Are straight cis men OK?
This is a question that’s haunted generation after generation, in one way or another. It usually arises in the wake of major wars or progressive political and cultural movements. And it always finds its way into art, as creatives probe the dark recesses of rattled, insecure men who feel as though their dominance is threatened by the gains of others.
As evidenced by so many events and trend pieces of the last few years, we are presently in such a moment. Fair Play, the moody, unflinching feature debut of writer-director Chloe Domont, meets us here in titillating fashion: It’s about Emily (Phoebe Dynevor) and Luke (Alden Ehrenreich), a conventionally attractive and career-minded heterosexual pair who embodies a surface-level version of the “power couple.” They’re young, horny for each other, and poised to make a ton of money working in finance. As the movie begins, they steal away from a wedding reception to have sex in a harshly lit bathroom, resulting in a laughable mishap and an impromptu marriage proposal in front of a toilet, after the engagement ring accidentally tumbles out of Luke’s pocket.
So this is love.
But then one of them gets a promotion over the other at their cutthroat hedge fund – go ahead and guess which one … why yes, you’re absolutely correct, it’s Emily – and things get awkward.
Compounding this already-tenuous dynamic is the very nature of their romantic relationship. Emily and Luke’s romance is a secret, and now he’s both her secret lover and her direct report. (Outside of work, it’s unclear if they have any semblance of a social life; as everything from Boiler Room to Industry has suggested, when not doing copious amounts of coke and hitting up strip clubs with colleagues, people in finance barely exist outside of shorting stocks and wooing big-time investors at all hours of the day.)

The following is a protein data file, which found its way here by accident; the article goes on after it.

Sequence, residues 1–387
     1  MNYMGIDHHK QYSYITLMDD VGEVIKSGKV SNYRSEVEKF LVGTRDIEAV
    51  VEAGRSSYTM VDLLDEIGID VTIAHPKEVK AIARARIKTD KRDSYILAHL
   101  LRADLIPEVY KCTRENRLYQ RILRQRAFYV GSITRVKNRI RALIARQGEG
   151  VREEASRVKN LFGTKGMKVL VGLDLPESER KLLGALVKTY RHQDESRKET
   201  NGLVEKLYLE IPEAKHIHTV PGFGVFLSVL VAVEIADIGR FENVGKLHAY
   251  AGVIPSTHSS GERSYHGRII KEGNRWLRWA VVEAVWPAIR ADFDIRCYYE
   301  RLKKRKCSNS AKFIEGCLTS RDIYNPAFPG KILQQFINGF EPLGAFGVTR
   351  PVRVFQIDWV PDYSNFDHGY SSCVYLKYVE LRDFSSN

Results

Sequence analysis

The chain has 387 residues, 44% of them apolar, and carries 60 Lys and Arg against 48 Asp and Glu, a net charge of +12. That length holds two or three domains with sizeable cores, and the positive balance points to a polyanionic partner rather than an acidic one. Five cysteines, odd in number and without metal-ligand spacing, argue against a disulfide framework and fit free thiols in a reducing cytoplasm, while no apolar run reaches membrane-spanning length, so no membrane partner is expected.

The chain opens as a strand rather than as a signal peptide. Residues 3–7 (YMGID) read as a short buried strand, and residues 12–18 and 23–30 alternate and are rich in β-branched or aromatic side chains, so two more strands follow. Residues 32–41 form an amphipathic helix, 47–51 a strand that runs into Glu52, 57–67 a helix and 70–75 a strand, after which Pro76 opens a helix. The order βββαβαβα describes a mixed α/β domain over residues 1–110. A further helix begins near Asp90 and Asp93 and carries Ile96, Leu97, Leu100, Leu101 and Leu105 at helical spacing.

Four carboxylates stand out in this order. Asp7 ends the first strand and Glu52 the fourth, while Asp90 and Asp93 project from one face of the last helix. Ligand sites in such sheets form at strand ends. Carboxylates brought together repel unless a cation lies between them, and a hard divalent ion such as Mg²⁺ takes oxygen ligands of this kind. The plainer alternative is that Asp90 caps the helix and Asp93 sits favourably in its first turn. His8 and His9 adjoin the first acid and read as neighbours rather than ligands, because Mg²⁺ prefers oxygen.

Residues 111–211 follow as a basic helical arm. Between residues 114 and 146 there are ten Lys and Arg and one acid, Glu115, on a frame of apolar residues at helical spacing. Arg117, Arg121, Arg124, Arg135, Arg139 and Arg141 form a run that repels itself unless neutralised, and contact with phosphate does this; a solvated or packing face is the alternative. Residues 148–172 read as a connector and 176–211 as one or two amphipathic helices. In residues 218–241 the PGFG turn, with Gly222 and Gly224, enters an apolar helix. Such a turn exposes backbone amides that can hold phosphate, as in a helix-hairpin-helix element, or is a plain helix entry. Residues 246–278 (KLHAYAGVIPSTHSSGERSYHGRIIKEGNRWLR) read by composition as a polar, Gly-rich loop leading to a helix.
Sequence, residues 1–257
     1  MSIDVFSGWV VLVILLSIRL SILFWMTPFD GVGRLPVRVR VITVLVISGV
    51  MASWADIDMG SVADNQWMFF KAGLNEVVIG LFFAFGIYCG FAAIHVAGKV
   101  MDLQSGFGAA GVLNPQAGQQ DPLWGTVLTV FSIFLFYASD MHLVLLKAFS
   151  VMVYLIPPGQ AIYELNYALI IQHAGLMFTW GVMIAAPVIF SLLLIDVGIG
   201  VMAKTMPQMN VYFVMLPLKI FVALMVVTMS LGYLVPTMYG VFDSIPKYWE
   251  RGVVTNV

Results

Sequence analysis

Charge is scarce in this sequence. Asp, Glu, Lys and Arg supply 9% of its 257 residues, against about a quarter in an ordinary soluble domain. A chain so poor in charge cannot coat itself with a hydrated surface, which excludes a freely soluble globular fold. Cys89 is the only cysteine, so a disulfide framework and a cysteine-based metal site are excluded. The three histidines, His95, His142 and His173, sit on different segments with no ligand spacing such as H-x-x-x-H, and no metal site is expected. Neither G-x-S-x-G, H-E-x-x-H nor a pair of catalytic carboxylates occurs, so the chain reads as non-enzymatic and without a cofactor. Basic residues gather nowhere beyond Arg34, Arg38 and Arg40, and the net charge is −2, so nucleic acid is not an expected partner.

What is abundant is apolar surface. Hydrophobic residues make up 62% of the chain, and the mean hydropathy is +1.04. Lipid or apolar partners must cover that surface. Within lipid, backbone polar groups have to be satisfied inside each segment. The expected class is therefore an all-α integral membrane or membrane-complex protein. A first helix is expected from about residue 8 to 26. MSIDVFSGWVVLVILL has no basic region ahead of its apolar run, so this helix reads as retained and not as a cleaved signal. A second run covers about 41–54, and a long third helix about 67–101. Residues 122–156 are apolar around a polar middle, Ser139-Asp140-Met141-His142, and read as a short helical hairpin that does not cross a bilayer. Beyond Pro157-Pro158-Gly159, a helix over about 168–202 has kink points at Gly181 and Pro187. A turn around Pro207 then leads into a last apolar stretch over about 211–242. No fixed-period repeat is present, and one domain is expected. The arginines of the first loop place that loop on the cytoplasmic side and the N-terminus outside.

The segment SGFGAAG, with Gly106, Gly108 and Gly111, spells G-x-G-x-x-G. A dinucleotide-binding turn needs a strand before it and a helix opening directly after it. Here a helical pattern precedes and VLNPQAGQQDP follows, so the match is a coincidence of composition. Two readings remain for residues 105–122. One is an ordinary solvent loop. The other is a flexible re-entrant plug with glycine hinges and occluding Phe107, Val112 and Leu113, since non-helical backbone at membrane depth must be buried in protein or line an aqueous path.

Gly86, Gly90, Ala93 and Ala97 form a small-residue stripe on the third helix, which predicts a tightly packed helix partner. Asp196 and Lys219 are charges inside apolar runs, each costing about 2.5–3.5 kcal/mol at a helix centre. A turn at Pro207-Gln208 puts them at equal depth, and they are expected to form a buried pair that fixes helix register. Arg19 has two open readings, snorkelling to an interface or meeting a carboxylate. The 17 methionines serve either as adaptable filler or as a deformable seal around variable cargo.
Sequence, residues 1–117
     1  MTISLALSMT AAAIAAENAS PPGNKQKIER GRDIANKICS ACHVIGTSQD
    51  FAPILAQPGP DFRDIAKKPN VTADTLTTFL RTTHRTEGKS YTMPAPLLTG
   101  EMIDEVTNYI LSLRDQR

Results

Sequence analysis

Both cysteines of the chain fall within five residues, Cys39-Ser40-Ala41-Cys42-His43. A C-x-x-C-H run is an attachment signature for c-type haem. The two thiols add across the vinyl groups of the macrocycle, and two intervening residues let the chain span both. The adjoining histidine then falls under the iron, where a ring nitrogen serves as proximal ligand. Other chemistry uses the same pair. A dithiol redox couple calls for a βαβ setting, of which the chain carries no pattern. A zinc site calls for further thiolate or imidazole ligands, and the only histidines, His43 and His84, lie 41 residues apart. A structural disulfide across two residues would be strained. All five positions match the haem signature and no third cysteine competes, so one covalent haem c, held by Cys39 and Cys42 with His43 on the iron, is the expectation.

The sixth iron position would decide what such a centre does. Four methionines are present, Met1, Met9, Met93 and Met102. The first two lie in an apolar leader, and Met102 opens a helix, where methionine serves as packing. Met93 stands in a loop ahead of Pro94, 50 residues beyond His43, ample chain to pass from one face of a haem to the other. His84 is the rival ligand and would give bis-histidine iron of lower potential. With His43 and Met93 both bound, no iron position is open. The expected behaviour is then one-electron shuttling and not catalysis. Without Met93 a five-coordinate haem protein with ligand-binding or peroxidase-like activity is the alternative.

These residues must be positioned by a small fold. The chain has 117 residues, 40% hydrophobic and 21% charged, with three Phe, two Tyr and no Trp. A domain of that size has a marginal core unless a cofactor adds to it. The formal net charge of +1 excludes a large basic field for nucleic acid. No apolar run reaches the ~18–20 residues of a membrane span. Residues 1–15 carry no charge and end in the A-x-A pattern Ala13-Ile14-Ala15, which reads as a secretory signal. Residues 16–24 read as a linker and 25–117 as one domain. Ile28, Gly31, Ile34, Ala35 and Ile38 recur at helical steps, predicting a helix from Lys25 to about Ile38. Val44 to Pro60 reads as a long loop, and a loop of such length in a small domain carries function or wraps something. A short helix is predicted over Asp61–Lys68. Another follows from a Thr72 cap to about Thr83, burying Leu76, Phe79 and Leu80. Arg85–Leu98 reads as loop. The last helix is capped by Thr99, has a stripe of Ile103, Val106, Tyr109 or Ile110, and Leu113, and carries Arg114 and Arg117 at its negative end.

Luke, whether he’s willing to admit it or not, begins a descent into crisis mode.
Fair Play is visually moody and stylish, with most scenes taking place indoors and in dark spaces with warm, golden-toned lighting (upscale bars, restaurants) or, in contrast, the depressing dull-gray of their austere office. To its benefit, the movie isn’t as high-concept as some of its cinematic contemporaries in exploring the dangers of the wounded male ego; it’s not rendered metaphorically through Gothic body horror, idyllic mid-century Americana, or an iconic children’s toy. Instead, Domont crafts it as a blunt, withering workplace/domestic melodrama hybrid, an all-too-real depiction of the curdling of a relationship contaminated by intense ambition and jealousy.
On paper and in practice, Emily is a top-tier broker, an overachieving Harvard grad whose keen instincts about the market impress her gruff boss, Campbell, played gamely by Eddie Marsan. Luke, on the other hand, is merely coasting by. Nevertheless, Emily believes in Luke and is convinced she can help secure him the next promotion that arises; in her mind, they’re in this together. That’s not quite true.
The situation here is deliberately gendered, but Fair Play still manages subtle characterizations. Luke isn’t a cartoonish misogynist. Ehrenreich convincingly depicts him as someone caught grappling with the experience of having two distinct and wholly relatable reactions at the same time: happiness for someone else and disappointment for one’s self. In this case, that tension manifests in escalating digs and jabs. He begins to retreat from Emily outside of the office and becomes obsessed with the hacky self-help musings of a motivational speaker. (His confidence is zapped, but he maintains a stranglehold on his sense of entitlement – the gall.) He’s snippier; the sex dries up.